But it doesn't stop there.
Another key aspect of 'education' is that it is accessible - as in 'equal access'. Unfortunately, when a society becomes stratified with various layers of advantage and disadvantage and hierarchy, the inevitable consequences are that equal access to education starts to ring like a hollow bell - e.g. one without a 'clapper'.
Without equal access there is not equality of opportunity, nor equity.
When some are excluded by lack of knowledge, income, or the ability necessary to participate fully in education processes, they must be able to overcome obstacles to access in order to ensure fairness. In other words, fairness also demands implementation of remedies to redress historic injustices that may have prevented or diminished access in the first place. In the case of Canada, the history of 'Indian Residential Schools' serves as a strong example. In other examples - how about geography? Or, rural versus urban split?
In order to maximize access opportunities experienced by certain marginalized groups, a 'democratic' society often commits some financial resources in order to attempt to level out inequity. Yet, with some irony, this in turn can create temporary inequalities, and, thus, rather than striving for equality among groups of people, maybe we should potentially work towards equitable inequalities that reflect the needs of certain folks.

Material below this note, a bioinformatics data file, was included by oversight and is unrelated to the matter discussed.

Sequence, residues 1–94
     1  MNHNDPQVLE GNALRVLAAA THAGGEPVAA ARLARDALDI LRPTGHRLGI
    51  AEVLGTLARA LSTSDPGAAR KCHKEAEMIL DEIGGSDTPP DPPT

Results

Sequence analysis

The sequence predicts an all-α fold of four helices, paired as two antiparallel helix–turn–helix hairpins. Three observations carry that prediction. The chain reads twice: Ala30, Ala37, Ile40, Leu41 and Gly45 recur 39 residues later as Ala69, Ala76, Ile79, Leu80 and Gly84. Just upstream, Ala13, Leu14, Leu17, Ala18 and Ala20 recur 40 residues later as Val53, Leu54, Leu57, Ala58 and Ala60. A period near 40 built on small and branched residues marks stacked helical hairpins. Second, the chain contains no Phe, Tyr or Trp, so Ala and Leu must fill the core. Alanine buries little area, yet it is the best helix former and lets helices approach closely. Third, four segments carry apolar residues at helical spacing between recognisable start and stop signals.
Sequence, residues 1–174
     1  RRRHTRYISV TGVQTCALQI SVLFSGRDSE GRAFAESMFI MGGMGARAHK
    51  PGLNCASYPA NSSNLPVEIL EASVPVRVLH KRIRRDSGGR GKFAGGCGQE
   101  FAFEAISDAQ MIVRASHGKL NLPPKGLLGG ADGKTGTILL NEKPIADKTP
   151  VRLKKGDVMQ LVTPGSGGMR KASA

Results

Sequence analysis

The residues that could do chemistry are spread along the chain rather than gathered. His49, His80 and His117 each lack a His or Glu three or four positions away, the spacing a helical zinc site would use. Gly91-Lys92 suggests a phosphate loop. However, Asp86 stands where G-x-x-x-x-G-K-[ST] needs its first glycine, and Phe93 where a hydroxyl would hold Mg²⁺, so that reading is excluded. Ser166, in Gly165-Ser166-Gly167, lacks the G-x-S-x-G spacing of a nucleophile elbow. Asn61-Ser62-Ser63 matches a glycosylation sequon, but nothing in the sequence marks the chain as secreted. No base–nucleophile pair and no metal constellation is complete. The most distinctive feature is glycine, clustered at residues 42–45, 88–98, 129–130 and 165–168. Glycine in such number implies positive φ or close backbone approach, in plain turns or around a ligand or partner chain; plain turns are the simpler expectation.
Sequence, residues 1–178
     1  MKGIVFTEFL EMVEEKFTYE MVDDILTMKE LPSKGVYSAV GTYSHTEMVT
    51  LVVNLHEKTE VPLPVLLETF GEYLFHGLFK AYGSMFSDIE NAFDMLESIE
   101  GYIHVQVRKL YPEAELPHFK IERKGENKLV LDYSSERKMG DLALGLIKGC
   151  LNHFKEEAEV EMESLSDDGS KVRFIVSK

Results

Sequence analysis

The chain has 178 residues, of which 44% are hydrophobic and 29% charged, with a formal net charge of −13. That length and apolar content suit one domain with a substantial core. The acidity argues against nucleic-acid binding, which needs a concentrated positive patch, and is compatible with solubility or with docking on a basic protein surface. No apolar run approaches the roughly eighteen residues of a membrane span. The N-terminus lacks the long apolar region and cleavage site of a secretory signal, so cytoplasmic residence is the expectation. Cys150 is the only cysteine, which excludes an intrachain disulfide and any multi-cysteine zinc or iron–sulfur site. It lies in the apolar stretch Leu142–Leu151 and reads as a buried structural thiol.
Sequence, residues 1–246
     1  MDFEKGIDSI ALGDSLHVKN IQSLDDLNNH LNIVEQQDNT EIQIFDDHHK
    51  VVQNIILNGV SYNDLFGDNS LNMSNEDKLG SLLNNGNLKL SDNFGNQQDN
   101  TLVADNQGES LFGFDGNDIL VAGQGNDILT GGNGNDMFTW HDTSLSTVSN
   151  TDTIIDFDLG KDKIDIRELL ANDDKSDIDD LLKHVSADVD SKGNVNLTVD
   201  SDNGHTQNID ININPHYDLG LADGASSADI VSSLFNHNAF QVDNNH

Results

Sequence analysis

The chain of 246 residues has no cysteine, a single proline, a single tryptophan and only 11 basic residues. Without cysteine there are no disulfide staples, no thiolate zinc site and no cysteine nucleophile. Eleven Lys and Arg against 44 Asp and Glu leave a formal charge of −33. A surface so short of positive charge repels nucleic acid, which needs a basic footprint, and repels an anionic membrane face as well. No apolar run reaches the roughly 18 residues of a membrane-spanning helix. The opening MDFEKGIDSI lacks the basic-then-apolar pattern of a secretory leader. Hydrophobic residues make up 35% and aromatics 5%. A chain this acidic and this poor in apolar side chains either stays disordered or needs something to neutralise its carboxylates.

In 2001, Saskatchewan Education published Our Children, Our Communities, and Our Future Equity in Education: A Policy Framework. In it, is suggested "the concept of equity goes beyond equality of opportunity where everyone is treated the same, to fostering a barrier-free environment where individuals benefit equally. It recognizes that some people require additional and specialized supports in order to achieve equal benefit" (p. 5), and that the measure of equity is in equity of results or outcomes, not equity of opportunity.